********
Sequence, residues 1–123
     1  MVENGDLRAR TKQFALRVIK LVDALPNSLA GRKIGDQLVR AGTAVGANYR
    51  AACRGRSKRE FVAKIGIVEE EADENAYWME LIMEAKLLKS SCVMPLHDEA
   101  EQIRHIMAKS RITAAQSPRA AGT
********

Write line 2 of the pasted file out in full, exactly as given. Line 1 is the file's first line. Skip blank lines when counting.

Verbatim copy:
     1  MVENGDLRAR TKQFALRVIK LVDALPNSLA GRKIGDQLVR AGTAVGANYR